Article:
First Reformed Church of Zeeland
By Julie Chen
The Transition Team began meeting at the end of August to help First Church go through the significant transition of Pastor Scott’s retirement. Dan Ackerman, the Zeeland Classis Pastor, has helped numerous churches in the area through times of transition very similar to ours, and we are grateful for his leadership on this team. The Transition Team includes Dan Ackerman, Marcia Walters, Mary Kingshott, Julie Chen, Mark Snyder, Jill Dannenberg, and Ron Zagers.
Pastor Scott has walked through significant moments of pain, celebration, and growth with all of us in his 32 years here, and moving on to a new chapter will be one that is filled with emotion. Imagine all of the babies that he has baptized, couples he has married, and funerals he has performed in those 32 years! Dan explained to our group that in transitions like this one there are three stages, and these stages are giving us an outline for how we will move through the transition as a church family.
Stage 1: Letting Go
Now that the timeline for Pastor Scott’s retirement has been set and we can see the date of his last sermon (December 31) approaching, we are starting the process of letting go. During this time we will acknowledge and celebrate the legacy that Pastor Scott and Cyndy have left with our church family. The Transition Team has been working on fun and creative ways to remember Pastor Scott’s ministry here and to honor Pastor Scott and Cyndy. Here are a couple of things that our group has planned:
Stage 2: The Neutral Zone
After Pastor Scott’s last sermon, he will still be around and giving leadership to some teams and groups for a couple of months before his official retirement in March. This will be a perfect time to get a cup of coffee with Pastor Scott and for all of us to complete the process of ‘letting go’.
A unique part of this Neutral Zone is that there will be a period that we do not have a teaching pastor. This is not because the search team is stalling or because we are dawdling to call a new pastor; we need an intentional buffer in our transition process. If we would call a new pastor to start immediately after Pastor Scott’s last sermon, we would inevitably make unfair and unhealthy comparisons. The search team will work diligently to find a new teaching pastor who is called, gifted, and qualified, but this person will not be Pastor Scott. In the months following Pastor Scott’s last sermon, we will be hearing messages from a variety of pastors from the RCA. We can look forward to a great lineup of pastors and a time of learning to appreciate a wide variety of pastors and preaching styles.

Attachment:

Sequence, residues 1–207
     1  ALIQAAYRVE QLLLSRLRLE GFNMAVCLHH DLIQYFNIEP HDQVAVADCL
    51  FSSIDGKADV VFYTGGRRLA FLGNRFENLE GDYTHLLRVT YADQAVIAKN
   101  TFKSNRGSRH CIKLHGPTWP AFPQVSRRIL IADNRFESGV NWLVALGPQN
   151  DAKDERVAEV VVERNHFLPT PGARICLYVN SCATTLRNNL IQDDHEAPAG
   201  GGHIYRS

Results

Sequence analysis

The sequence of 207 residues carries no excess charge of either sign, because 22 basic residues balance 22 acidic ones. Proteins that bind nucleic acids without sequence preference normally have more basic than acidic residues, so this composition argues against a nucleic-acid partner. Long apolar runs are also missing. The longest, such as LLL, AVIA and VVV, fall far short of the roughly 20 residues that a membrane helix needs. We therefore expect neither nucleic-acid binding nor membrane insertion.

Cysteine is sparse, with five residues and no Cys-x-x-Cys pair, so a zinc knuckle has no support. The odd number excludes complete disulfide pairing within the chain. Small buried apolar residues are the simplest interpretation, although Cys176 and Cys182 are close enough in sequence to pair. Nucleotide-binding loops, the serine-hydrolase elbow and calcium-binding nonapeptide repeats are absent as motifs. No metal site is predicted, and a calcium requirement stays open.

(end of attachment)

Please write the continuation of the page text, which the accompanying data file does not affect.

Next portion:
Stage 3: New Beginning
After we have taken some time as a church family to remember Pastor Scott’s legacy, to grieve, and to spend some time in the neutral zone, we are ready to move on. Let’s commit now to covering the search team in prayer, and to also be in prayer for the pastor that will eventually be called to First Church. Moving on can be scary, but it can also be exciting and filled with hope. I am excited about what is next for First Church! Let’s work together as a church family to discern the Lord’s will and use this time of change and transition to imagine how God will continue to use First Church to further the Kingdom.
Greetings from the Study Team! It has been a busy month since our last update. Over the last several weeks, the study team has convened in meetings led by our Regional Synod Consultant and team members have also done a number of church visits.
One of the assignments given to the Study Team was to visit other churches that are thriving. The goal of this task was two-pronged. One was to gain insight into staffing solutions. Another was to gather innovative ideas that have contributed to making their ministries especially effective. The members of our team, in groups, have been visiting several recommended local churches on various Sundays. These visits provided insight into how each church does ministry, demonstrated how various congregations are trained to carry out their mission, and also provided opportunity to see staffing make-up in action. While we missed our own church family while away, these visits offered fresh perspectives for outreach and unique staffing models.